Why Calibrate?

A digital multimeter (DMM) is one of the most commonly used pieces of test and measurement instrumentation. Quality processes depend on its continual proper operation. However, time, environment, and physical use (or abuses) change a DMM’s characteristics. That’s why it’s important to periodically calibrate or verify the performance of a DMM.

Calibration confirms that the multimeter’s performance meets the required specifications. The specifications can be the standard figures published by the DMM’s manufacturer, or they can be customized based on an organization’s needs. In general, the more precise and accurate a multimeter is, the more complex the specifications will be.

Choosing the right calibrator

The calibrator you choose for the job should have these qualities:

  • Its specifications should be at least four times better than the specification of the DMM it is testing.
  • Its functions need to cover the functions of the DMM it calibrates. DMMs have at least five functions, with many ranges per function. The calibration procedure needs to confirm that the DMM is suitable to use through this full range of capabilities.

Often the DMM’s manual will recommend functions and minimum specifications necessary to calibrate the DMM properly. The manufacturer should provide all the test points and pass/fail limits as evaluated against their specification.

There are also published guides by recognized organizations which provide recommended practices for calibrating digital multimeters and other instruments. For example, “EURAMET CG-15: Guidelines for Calibration of DMMs” provides guidelines on terminology, procedures, measurement uncertainty, and calibration certificates.

Fluke Calibration publishes a variety of materials to help you choose the best calibrator for your workload. For example, the “Electrical Calibrator Workload Matrix” summarizes the functions, accuracies and targeted workload for every Fluke Calibration electrical calibrator.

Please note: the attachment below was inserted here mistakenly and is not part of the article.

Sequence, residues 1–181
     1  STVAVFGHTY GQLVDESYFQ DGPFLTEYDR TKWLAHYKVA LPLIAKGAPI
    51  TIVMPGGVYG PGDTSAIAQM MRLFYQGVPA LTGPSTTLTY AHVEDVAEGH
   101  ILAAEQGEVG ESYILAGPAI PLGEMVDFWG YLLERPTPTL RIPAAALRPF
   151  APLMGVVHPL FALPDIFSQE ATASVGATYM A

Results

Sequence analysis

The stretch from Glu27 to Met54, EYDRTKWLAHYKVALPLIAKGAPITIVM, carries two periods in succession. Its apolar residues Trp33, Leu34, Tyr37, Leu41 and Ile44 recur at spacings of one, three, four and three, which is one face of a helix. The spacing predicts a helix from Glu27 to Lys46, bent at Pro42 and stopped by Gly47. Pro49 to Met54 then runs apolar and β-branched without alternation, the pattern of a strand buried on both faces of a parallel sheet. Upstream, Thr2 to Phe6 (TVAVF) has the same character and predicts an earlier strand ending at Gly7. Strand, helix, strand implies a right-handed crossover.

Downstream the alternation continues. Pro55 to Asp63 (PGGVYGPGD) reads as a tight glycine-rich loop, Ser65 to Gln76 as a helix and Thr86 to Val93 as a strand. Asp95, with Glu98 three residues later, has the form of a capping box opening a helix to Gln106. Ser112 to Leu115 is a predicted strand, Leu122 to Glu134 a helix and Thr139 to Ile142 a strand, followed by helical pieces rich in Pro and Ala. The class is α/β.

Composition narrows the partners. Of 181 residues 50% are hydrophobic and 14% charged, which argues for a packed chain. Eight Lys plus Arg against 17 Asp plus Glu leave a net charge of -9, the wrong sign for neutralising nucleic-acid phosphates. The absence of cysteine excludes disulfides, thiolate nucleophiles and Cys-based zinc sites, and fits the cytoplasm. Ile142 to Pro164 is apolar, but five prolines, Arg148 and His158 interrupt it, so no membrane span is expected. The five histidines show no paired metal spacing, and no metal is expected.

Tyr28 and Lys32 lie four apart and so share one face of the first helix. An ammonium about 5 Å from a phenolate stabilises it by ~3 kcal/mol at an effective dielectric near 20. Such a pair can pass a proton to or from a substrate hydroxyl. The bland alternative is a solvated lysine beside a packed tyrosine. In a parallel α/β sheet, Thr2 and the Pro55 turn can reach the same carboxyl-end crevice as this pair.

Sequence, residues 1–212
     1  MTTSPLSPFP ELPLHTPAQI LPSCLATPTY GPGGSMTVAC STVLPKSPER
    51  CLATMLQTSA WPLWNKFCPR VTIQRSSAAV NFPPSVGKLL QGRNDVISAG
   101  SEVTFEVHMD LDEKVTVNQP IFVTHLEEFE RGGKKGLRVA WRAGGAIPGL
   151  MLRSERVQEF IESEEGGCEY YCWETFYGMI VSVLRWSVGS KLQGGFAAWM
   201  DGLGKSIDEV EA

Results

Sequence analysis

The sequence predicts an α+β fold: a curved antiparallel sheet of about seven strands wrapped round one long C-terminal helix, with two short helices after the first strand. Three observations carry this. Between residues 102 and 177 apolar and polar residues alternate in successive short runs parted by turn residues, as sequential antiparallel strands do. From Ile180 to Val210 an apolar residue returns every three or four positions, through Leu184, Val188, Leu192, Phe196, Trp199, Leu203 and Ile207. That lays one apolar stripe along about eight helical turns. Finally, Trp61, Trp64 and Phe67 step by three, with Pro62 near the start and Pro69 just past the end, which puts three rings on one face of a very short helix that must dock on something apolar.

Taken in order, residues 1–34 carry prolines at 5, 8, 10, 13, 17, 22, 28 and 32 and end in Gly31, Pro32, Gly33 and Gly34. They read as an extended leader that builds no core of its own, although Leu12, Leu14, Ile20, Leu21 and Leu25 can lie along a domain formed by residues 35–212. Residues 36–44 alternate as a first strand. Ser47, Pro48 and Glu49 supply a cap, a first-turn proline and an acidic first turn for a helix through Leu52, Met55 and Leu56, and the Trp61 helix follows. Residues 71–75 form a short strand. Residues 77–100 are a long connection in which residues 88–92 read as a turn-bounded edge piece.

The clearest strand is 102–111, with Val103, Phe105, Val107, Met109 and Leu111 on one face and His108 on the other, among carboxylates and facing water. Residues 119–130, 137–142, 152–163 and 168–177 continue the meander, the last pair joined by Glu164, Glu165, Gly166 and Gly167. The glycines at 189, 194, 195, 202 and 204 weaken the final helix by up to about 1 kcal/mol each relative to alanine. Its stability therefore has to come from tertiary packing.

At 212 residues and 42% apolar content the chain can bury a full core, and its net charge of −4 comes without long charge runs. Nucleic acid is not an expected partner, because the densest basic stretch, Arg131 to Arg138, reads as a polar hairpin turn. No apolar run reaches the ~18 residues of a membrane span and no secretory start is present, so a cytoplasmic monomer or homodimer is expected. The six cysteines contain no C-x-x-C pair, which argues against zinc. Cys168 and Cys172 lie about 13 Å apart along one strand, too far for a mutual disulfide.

Another application note, “A generic DMM test and calibration strategy,” provides more details on how calibration relates to a DMM’s performance, the rationale of testing and strategies for quality calibration.

Sequences of calibration

Depending on the “as received” calibration state of a DMM and the customer’s requirements, there are three different sequences of operation that could be performed. The third sequence is the most common and most valuable for calibration customers.

  • Calibration only (no adjustments made)
  • Adjustment first; post-adjustment calibration (as left data)
  • Pre-adjustment calibration (as found data); adjustment; post-adjustment calibration (as left data)

The calibration certificate

“EURAMET CG-15: Guidelines for Calibration of DMMs” recommends this information be included in a report of calibration:

  • General information about the calibration
  • Method
  • Identification of the procedures employed
  • Results
  • Measurement uncertainty
  • Comments

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With our application experience and expertise, our team of technical engineers will listen to your design and research challenges and provide you with the right instruments and solutions for your application.

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